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Pack animals return to active duty

Brief by Central Staff

Livestock – June 2006 – Colorado Central Magazine

Mules and donkeys will soon rejoin the United States Army, and to start the process, 31 soldiers from the 10th Mountain Division spent most of a week near Powell, Wyo., learning how to work with pack animals so they can be used in high and rugged Afghanistan.

In the original World War II days of the 10th, when it was based at Camp Hale north of Leadville, mules were part of the team. The outfit is now based at Fort Drum, N.Y., but has many soldiers in Afghanistan.

Justin Sax, a second lieutenant who grew up in Cody, Wyo., explained that “Our best helicopter goes to 14,000 feet, so anything above that, we have to move by truck,” and there are a lot of high places where trucks can’t go. “This way, we hope to bring the fight to the enemy in places we haven’t been before.”

So the soldiers went to Wyoming for specialized training from the U.S. Forest Service and local outfitters who use donkeys and mules. Ron Ostrom of the U.S.F.S. said the process is about the same, whether for martial or pacific pursuits. “You pack it and load it pretty much the same way,” he said. “In the Forest Service, we use different tools and saws and camping gear, and these guys have got their MREs, water, guns, explosives, and their stuff that they need.”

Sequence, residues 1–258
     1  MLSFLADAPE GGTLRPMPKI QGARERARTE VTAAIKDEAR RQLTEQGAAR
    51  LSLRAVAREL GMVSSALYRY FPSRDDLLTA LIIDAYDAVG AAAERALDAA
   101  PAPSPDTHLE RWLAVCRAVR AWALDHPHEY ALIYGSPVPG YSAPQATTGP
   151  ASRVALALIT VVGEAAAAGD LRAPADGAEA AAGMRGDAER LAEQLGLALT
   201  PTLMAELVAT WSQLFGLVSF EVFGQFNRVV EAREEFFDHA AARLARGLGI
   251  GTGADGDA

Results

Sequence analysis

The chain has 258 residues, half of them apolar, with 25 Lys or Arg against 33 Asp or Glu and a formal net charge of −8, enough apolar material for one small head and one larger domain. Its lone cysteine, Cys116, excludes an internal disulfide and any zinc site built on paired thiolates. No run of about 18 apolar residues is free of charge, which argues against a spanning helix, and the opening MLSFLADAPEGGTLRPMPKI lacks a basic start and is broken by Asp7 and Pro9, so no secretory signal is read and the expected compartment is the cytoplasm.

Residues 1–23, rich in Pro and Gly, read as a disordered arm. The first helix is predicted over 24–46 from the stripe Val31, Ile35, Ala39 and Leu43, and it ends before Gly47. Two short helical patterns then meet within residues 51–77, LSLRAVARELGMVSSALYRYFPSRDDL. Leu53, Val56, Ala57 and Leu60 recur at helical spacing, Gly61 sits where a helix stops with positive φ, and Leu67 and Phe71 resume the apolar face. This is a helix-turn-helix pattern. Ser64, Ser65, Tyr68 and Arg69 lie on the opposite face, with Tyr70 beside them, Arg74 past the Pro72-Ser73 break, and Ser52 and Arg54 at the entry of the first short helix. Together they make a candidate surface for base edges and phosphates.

The five days of training involved tying hundreds of knots and packing and repacking the animals. The men also learned how to tend the animals and how to select healthy ones when acquiring livestock.

About half the soldiers had previous experience with livestock, but Ostrom said the others learned quickly — nothing is quite as educational as a swift kick from sharp hooves.

After their return to Fort Drum, the muleteers will train other soldiers. David Little, historian for the 10th, said that division commanders had discussed using pack animals ever since it was first deployed to Afghanistan in the wake of the Sept. 11, 2001, attack on the United States.

The soldiers had been using multiple helicopters to ferry soldiers into combat areas and drop them off, and a few days later, they would be resupplied by helicopter. “But that helicopter resupply gives your position away,” Little said, while a mule train is “not as visible to someone on the ground.”